Next month, they (the Sweedles, not the bears) go wild over the summer solstice. Well, as wild as Swede’s can get. Pretty tame in reality. But they do celebrate the longest day as a major holiday and in many ways it is the most significant day on their otherwise at times sunless calendar. They have outdoor parties, get very drunk, eat too many Kottbuller (meatballs) and the Sweedle holiday standard/favourite, Ham. The seasons change so quickly up there once the snow has gone and above Zero temps set in. With almost 24 hours of daylight, everything grows incredibly fast, flowers bloom almost overnight. Trees green-up and the fishing season starts in ernest.

It will soon be like this at one of the nearby lakes:

This one is just below our house. The Daughter, JVP, is here admiring the view.

Much  although I do like France, and love its foods and, yes….even, its wines, it seems incredibly tame after living in the frozen North for so long!  Even Spain, in the Sierra Nevadas/Alpujarra, was more challenging – though I do find Spanish wines in general a bit too heavy for my refined Scottish palate.
(They do make a great local Morzilla/Black Pudding, though!)

In Sweden over winter, each day was a bit of a challenge, interesting and strikingly different. Certainly from the Herefordshire/Welsh Marches region where we had previously been based for many years/decades.

We are now thinking it might be a bit more interesting if we moved back North – to my birthplace, Scotland, not Sweden. I just couldn’t cope or want to take those extreme temps again. We lived in Trotternish, near Duntulm, on the Isle of Skye for a while. This was way back in the mid-1970s when Slade were still popular and men knew how to dress sensibly:

Our daughter, LVP, was actually born while we were up there, though they were so paranoid about Island births, J was ferried off to Raigmore Hospital in Inverness for the delivery itself. A five hour, tortous drive. As J is a midwife, she knows this to have been unnecessary, and stupid as a policy. Hopefully, things have changed by now!

We lived in a small croft house,  in a place – what else could it be called? – a hamlet – named, Connista. Here’s a house that was recently for sale there:

1 Conista, Duntulm, Isle of Skye

This was, in fact, our neighbours croft, we lived in the next-door house, out of picture to its right.  It would be a bit of an irony to return to the Isles after so many years away. Though my family is originally from Inverness-shire, The Black Isle region. Indeed there’s a small town/village, Avoch, where almost everyone bears our surname. I’m probably related to many of ’em though we’ve never made contact!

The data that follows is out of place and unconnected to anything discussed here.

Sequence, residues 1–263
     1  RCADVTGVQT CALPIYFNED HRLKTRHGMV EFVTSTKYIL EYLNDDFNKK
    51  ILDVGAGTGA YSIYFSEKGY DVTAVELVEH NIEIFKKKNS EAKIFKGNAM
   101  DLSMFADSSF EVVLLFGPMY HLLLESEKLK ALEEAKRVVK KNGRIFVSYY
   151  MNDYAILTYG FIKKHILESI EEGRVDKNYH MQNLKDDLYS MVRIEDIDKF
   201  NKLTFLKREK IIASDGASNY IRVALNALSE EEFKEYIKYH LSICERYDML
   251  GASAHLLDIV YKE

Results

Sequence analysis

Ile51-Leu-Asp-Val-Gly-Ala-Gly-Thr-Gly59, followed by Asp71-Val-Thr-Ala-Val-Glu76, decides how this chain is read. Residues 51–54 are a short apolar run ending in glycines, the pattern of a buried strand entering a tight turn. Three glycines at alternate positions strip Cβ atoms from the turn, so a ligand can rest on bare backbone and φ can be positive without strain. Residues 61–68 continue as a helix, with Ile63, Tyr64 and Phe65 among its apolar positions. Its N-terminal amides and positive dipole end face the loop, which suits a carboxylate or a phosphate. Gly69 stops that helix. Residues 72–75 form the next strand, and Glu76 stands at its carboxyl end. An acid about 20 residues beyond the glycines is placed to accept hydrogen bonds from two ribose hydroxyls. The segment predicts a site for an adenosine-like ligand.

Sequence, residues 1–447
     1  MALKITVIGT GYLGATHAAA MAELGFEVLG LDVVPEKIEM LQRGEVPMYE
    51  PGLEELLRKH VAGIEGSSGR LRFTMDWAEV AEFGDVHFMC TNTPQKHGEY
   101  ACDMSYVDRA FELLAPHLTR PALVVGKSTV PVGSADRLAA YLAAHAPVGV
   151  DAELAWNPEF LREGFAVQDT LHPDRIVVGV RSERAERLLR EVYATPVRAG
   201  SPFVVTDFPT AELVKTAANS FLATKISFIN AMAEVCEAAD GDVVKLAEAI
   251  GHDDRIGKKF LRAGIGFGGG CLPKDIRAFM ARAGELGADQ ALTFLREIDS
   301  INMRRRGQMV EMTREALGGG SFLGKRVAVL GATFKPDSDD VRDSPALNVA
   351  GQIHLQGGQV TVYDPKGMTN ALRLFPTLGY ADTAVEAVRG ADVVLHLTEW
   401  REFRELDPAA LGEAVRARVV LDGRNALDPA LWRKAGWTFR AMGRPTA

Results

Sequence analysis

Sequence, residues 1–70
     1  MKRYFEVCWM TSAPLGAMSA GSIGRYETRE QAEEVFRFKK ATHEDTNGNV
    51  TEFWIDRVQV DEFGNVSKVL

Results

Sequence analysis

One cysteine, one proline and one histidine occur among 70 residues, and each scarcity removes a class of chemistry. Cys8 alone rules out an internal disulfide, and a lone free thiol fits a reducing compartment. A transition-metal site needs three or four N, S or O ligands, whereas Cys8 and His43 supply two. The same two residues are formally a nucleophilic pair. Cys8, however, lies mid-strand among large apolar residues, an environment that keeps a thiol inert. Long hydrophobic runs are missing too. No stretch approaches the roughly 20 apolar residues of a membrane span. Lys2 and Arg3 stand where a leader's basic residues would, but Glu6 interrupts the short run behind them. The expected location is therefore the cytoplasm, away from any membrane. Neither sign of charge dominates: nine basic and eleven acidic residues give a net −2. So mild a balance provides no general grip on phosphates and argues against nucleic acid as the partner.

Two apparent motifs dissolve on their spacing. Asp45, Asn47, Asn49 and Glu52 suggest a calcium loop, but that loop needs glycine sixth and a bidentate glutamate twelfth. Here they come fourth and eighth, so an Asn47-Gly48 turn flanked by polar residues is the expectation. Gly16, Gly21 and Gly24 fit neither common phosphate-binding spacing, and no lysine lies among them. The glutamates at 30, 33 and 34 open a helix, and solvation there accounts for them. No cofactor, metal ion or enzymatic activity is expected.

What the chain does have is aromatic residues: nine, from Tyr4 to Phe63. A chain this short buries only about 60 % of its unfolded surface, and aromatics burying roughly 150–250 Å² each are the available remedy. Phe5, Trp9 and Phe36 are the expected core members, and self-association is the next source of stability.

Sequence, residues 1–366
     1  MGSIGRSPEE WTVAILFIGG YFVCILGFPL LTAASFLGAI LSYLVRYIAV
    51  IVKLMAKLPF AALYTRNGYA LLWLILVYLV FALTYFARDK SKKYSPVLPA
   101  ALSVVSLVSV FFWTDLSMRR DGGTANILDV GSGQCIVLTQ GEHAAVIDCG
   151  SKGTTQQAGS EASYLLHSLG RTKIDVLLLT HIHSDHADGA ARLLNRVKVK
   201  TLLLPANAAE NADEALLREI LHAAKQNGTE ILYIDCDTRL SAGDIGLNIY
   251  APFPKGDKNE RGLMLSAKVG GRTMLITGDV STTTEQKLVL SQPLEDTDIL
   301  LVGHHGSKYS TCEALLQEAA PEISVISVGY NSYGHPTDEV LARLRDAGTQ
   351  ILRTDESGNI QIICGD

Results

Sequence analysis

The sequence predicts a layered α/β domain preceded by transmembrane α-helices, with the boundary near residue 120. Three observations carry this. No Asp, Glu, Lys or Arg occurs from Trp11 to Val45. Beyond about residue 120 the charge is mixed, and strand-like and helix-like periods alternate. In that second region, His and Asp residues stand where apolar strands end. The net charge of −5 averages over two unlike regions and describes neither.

At the moment, we’re toying with the idea of a move to either Lewis, Harris or North Uist. I favour Lewis. It has a decent infrastructure with hospitals, medics, shops, libraries, schools etc. Almost everything one needs to survive, in fact.

Having discussed it in theory with LVP, she’s also interested in maybe making a move up there with her family too. She would like to have a small tour/holiday visit first though. So a trip to the region might be on the cards in the nearish future!

Now I see the clouds have moved on and the sun is once more shining brightly, though the wind remains. So I’d best get a move on and get out to check the Chooks for eggs and the garden in general. A bientot!

Advertisements

About yractual

A former lawyer and national daily journalist, now a freelance music journalist, with moves bewteen Spain, Sweden, France and who knows where next! A Scot by birth and inclination. Lover of acoustic ragtime-blues guitar and ukulele. Work with music titles across three continents.
This entry was posted in Uncategorized. Bookmark the permalink.

One Response to >When The Lord Gets Ready, You Gotta Move…..

  1. Tony Giles says:

    >If you do come up to Lewis and need a place to stay – give me a shout (or any general pointers about anything).We'll have to meet up for a glass or two of uisge-beatha as a minimum.

Leave a Reply

Fill in your details below or click an icon to log in:

WordPress.com Logo

You are commenting using your WordPress.com account. Log Out / Change )

Twitter picture

You are commenting using your Twitter account. Log Out / Change )

Facebook photo

You are commenting using your Facebook account. Log Out / Change )

Google+ photo

You are commenting using your Google+ account. Log Out / Change )

Connecting to %s